Overall, these findings suggest at least two broad points. First, Trump’s support among a significant minority of Americans, perhaps 30-40 percent, may reflect their disposition toward affective polarization, particularly in their willingness to respond to his racially oriented attacks and scapegoating. Second, these studies suggest that protracted mobilization narratives—pressed for decades by Republican Party leaders and so-called movement conservatives and their financial backers—may play important roles in shaping political attitudes, at least at the margin.[12] In this sense, GOP attacks on democratic governance and in favor of the market as well as assaults implicitly and sometimes explicitly on minorities as “line cutters” who unfairly receive public support, have been deeply pernicious. Trump does not represent the first appearance of this “Deep Story,” which condemns democratic governance and minorities via an othering of both. He is its apotheosis. His inclination to demand that citizens rely completely on themselves and the market also reflects the radical individualism advocated for decades by his party.

The upshot of these realities is that Trump has continuously sought to hew to his party’s ideology in his policy efforts, which has just as consistently across the past five decades embraced affective polarization, racialized mobilization and attacked governance as illegitimate, ineffectual and ineffective. What has become glaringly obvious under Trump, who has pressed all of these tropes to their extremes and is otherwise substantively incompetent, is that first, given their deeply motivating power, a share of Americans appears willing to undo democracy itself, to follow their clarion call. Second, it is indeed fiercely important who is elected to leadership roles and what regnant dominant social frame they embrace. Decades of neoliberalism have degraded democracy for a share of the citizenry and during those years Republican Party leaders have adopted the view that the market can and should govern—that is, that market elites should rule—and that individuals should stand alone before the vagaries of capitalism and capitalists. In this view, Lincoln’s call to community and nation above self would be considered naïve and his similar request of Americans to treat their former enemies with kindness and charity was, to use a favorite Trump word, weak.

This scenario suggests how important it is that Americans recast their national, state and local governments and populate them with leaders who understand democratic governance rests finally on the community and just as firmly on the deliberative capacity and prudence of its citizens. This is especially evident now in the midst of a coursing pandemic, when the very lives of that population depend on community and on adopting the orientation that Lincoln espoused. News reports suggest, however, that Trump cares not who lives or dies during this pandemic. The citizens he presumably leads mean nothing to him. To address this social and political abomination and prevent its recurrence, the population must be acculturated from birth to awareness of the significance of its citizenship role and equipped through education with the capacities, habits of heart and mind, to exercise it. One may hope Trump’s minority election represents a fillip and not the death spiral of our population’s will and capacity to value itself sufficiently so as to ensure its democratic privilege and capacity to govern.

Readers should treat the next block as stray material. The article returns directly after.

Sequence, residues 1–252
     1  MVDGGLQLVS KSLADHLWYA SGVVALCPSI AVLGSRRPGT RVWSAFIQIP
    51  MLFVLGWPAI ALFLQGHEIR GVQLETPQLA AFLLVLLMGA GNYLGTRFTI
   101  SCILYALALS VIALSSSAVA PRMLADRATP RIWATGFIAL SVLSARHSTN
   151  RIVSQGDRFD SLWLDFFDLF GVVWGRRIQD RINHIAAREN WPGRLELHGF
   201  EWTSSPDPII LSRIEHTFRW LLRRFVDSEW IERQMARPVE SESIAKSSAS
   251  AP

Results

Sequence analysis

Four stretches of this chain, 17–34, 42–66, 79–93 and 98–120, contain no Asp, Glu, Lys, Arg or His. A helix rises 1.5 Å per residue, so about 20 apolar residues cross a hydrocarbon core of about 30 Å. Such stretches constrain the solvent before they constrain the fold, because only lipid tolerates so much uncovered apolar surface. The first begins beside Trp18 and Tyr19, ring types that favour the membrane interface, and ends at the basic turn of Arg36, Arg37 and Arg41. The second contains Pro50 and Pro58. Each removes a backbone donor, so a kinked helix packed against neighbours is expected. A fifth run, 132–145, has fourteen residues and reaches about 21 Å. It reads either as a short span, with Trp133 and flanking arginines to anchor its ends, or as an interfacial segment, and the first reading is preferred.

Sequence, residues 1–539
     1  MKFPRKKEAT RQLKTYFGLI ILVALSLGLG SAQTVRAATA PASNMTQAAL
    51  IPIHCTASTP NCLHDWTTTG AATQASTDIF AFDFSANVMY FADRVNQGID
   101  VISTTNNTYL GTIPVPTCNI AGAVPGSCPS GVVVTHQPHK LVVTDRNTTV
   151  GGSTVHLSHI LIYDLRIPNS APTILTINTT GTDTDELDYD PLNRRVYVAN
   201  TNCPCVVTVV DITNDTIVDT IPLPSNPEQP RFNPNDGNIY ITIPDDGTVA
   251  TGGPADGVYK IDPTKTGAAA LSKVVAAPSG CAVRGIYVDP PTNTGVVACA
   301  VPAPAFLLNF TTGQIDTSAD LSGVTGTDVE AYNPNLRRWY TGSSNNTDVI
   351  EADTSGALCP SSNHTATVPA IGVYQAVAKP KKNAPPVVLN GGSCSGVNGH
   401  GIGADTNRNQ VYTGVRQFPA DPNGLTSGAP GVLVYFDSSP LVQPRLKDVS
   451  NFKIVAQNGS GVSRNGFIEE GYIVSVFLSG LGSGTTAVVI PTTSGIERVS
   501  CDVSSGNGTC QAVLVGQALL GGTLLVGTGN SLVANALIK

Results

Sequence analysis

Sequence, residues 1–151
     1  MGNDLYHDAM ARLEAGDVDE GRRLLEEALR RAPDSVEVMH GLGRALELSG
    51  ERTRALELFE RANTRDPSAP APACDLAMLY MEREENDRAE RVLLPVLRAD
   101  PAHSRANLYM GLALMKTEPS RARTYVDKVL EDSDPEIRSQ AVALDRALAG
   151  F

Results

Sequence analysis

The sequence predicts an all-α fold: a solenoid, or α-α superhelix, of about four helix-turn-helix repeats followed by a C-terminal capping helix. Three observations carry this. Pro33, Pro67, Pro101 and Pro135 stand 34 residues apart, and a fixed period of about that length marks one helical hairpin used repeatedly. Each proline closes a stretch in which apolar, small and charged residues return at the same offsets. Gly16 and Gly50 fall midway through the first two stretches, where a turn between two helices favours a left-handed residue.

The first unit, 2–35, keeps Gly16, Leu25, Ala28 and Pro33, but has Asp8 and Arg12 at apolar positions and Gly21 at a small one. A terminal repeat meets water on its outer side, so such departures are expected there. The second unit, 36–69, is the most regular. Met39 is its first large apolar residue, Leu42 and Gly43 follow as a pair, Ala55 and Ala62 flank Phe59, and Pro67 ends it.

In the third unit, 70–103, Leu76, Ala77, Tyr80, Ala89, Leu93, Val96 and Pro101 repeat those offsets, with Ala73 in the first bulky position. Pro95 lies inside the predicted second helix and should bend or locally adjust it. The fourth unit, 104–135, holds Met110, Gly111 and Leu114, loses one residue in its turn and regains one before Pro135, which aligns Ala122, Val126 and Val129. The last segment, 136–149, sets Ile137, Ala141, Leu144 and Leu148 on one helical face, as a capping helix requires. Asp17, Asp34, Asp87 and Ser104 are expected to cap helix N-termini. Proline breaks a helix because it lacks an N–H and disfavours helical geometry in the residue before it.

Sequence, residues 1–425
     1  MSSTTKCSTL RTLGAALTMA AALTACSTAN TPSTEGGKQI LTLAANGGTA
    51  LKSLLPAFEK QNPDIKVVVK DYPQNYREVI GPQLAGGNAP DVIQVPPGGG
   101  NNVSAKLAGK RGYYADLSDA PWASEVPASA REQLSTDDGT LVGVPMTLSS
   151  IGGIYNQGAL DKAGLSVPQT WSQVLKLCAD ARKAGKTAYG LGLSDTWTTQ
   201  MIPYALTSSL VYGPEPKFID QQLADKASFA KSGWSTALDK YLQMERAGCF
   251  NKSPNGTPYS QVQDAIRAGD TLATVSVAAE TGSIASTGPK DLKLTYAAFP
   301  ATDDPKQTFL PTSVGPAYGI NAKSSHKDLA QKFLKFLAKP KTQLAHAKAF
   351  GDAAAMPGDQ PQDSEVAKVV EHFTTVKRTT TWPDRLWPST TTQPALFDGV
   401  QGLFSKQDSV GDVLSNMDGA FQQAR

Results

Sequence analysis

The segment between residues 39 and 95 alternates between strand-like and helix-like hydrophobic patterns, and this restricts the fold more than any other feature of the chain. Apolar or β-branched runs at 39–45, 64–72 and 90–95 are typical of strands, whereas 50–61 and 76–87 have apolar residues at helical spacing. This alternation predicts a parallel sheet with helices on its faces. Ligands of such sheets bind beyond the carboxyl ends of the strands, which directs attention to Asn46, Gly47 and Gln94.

[1] Baker, Peter. “The White House Called A News Conference, Trump Turned It into a Meandering Monologue,” The New York Times, July 14, 2020,, Accessed July 14, 2020.

[2] Qiu, Linda. “Trump’s Falsehoods on Police Shootings, Biden, Coronavirus and China,” The New York Times, July 14, 2020,, Accessed July 14, 2020.

[3] Qiu, “Trump’s Falsehoods on Police Shootings.”

[4] Weingarten, Gene. “How are Donald Trump and Abraham Lincoln Similar? Let Us Count The Ways,” The Washington Post, October 11, 2018,, Accessed July 17, 2020.  

[5] Goodwin, Doris Kearns. Team of Rivals: The Political Genius of Abraham Lincoln. New York: Simon and Schuster Publishers, 2005.

[6] Lincoln, Abraham. “Transcript of President Abraham Lincoln’s Second Inaugural Address,” March 4, 1865, Our Documents.Gov,, Accessed July 17, 2020.

[7] See, for example, Silva, Jennifer. We’re Still Here: Pain and Politics in the Heart of America. New York: Oxford University Press, 2019.

[8] Hatemi, Peter et al., “Genetic Influences on Political Ideologies: Twin Analyses of 19 Measures of Political Ideologies from Five Democracies and Genome-Wide Findings from Three Populations,” Behavioral Genetics, 44(3), May 2014, p.2,, Accessed July 17, 2020.  

[9] Iyengar, Shanto and Sean Westwood. “Fear and Loathing across Party Lines: New Evidence on Group Polarization,” The American Journal of Political Science, 59(3), July 2015, pp. 690-707,, Accessed July 10, 2020. 

[10] Graham, Jesse et al., “Moral Foundations Theory: The Pragmatic Validity of Moral Pluralism,” in Advances in Experimental Social Psychology, Vol. 47, Elsevier/Academic Press, 2013, pp. 55-130,, Accessed July 18, 2020. 

[11] Edsall, Thomas. “How Could Human Nature Have Become This Politicized?” The New York Times, July 8, 2020,, Accessed July 15, 2020.

[12] MacLean, Nancy. Democracy in Chains: The Deep History of the Radical Right’s Stealth Plan for America. New York: Viking Publishers, 2017.

Publication Date

July 20, 2020